‘You need to use Chapstick,’ Emily said. ‘That’s the first thing.’
This was as we walked along the strip at sunset, rows of buildings wrapped in Christmas lights. Groups of Mexican guys crowded street corners, clicking business cards against their hands, handing them to you as you passed. Each card had a photo of a naked woman with a phone number beneath.
‘Because Vegas is in the desert, and that dry air will crack your lips like old paint. So be a tough guy about it if you want, but you’ll regret it.’
We caught a bus out to old Vegas. An old drunk guy with a wrinkled hole for a mouth sat in the back seat, drinking and talking too loud at some girl. ‘You’re ma’ cowgurl,’ he growled in that bending American twang. One of his eyes was bruised, puffed over like a fortune cookie. ‘I lurve you, cowgurl,’ he gurgled, sliding down into the seat.
Old Vegas was a ghost town of tiny light bulbs and rubbish and gun shops, and buildings like you’d see in black and white films. It looked like a carnival the day after; the air heavy with regret.
‘I’ve been staying just round the corner here.’ Emily pointed. ‘It’s a hostel, but it’s good, you know?’
We headed back to the strip as the daylight faded, the sun settling behind the desert suburbs.
They had a minimum drink tab at all the bars if you wanted to watch the game so we just walked until we found an outdoor bar on the footpath, a tiny TV set up between the bottles lined behind it. We sat in the sticking heat, watching what we could.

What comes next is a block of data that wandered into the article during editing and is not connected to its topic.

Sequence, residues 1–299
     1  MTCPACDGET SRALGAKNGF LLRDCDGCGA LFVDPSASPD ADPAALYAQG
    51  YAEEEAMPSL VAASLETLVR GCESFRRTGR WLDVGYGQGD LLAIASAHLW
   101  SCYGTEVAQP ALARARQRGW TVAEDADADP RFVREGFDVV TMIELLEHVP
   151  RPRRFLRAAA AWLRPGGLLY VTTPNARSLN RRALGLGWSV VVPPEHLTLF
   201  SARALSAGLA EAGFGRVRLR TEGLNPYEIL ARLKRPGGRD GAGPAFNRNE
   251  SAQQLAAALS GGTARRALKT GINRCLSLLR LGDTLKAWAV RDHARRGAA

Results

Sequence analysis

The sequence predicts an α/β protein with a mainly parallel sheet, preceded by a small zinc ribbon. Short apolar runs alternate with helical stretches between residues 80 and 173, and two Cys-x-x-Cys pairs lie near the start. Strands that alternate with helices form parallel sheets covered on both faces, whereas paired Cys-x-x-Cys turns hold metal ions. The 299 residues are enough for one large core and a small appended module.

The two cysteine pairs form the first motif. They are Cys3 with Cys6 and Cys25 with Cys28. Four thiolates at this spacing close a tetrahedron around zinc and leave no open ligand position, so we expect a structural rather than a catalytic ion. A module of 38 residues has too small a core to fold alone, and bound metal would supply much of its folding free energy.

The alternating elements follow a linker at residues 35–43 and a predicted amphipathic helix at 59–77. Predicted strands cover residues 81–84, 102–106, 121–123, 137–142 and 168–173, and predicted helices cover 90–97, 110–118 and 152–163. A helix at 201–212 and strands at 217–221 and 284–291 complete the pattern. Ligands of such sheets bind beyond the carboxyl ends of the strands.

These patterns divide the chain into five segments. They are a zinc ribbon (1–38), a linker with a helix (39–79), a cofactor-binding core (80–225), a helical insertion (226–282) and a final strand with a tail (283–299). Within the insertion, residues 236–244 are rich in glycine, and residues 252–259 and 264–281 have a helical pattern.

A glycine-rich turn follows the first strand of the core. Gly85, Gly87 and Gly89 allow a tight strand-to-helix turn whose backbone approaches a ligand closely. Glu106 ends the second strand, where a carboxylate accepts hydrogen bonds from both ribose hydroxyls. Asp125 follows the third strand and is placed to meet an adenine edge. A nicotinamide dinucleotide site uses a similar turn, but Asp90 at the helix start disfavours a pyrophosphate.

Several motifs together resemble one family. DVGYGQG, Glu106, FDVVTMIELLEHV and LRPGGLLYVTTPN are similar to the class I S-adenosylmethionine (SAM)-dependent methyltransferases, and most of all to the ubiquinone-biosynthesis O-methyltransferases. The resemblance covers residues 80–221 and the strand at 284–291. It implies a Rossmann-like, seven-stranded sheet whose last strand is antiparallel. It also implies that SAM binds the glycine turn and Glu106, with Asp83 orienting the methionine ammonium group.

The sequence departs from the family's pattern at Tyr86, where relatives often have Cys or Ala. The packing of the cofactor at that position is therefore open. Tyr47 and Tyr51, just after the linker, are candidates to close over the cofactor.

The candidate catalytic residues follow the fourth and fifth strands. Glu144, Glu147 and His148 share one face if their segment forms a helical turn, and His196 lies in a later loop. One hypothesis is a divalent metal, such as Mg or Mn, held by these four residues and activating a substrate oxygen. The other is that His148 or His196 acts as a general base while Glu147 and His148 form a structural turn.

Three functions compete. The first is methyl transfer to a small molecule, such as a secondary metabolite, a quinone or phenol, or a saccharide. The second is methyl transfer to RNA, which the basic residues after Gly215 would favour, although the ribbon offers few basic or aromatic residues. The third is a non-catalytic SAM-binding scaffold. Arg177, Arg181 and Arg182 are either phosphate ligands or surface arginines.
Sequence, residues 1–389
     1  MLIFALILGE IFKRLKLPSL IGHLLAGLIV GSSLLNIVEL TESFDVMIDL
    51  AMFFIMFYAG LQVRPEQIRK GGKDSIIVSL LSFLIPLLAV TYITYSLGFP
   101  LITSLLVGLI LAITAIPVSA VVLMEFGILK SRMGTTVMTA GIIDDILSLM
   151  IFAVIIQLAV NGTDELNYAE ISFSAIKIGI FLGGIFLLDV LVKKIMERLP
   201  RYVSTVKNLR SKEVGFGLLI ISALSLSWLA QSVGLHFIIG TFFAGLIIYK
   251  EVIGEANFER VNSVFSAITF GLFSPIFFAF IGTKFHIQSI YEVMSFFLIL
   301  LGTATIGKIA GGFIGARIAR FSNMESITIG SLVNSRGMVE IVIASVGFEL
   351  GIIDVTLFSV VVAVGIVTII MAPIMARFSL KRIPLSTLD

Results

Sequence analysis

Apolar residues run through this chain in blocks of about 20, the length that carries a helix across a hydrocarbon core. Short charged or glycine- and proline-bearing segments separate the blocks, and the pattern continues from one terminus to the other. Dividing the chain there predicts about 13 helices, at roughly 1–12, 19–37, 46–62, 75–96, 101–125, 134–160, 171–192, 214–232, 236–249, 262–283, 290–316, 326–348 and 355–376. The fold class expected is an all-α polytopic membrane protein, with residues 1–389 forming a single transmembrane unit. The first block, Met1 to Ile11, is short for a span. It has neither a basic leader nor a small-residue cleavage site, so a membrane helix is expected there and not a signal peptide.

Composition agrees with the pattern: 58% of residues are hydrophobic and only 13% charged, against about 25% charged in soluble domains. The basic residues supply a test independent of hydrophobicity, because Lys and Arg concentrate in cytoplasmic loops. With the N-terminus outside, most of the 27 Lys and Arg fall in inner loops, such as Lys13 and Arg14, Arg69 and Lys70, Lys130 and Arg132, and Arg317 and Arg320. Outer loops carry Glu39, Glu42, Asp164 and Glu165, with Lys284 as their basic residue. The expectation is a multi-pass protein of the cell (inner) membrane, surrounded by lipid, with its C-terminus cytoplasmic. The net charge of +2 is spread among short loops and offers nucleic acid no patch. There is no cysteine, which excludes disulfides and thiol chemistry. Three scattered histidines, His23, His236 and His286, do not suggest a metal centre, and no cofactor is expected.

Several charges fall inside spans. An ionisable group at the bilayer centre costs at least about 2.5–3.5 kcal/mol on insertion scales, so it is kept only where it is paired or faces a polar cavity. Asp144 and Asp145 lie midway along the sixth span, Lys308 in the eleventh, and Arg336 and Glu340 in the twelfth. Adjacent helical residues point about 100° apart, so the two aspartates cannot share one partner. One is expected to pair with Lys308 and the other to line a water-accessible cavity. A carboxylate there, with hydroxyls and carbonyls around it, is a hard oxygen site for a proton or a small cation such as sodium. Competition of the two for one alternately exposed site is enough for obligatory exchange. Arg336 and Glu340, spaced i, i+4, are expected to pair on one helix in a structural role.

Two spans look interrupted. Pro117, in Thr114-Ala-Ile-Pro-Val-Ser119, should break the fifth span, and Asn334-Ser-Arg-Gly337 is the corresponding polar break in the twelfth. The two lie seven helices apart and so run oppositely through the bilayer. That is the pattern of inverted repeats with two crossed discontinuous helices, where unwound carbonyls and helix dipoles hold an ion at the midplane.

A couple in their wedding clothes were at one of the other tables: the bride slumped over it, groom draped backwards on his chair. Beyond that, a building under construction, cranes frozen against the horizon like dinosaurs. Metal framework poking into the sky. On the side of the building you could see the name ‘Lady Luck’ stencilled in the grime from where they’d taken down the letters.
‘Drinks are free while you’re gambling.’ Emily said. ‘You can drink us much as you want, all free.’ Someone in a passing car yelled out something about Kobe Bryant. ‘Honestly,’ Emily put a hand on my leg. ‘You’re going to have an amazing time.’
In the first hours of the morning, in the darkness of the hotel room, I stood naked at the full-length window, the air-conditioner breeze chilling across my skin. I could see out to where the lights ended, to the shadows of the distant mountains. Headlights trailed by down below, voices echoed up through the buildings-yelling, screaming, laughing. I put a hand up on the glass, mist steaming from my touch. The pale band ringed round my finger. A reminder. A scar.
Andrew Hutchinson is a Melbourne based writer. He has a website: www.andrewhutchinson.com.au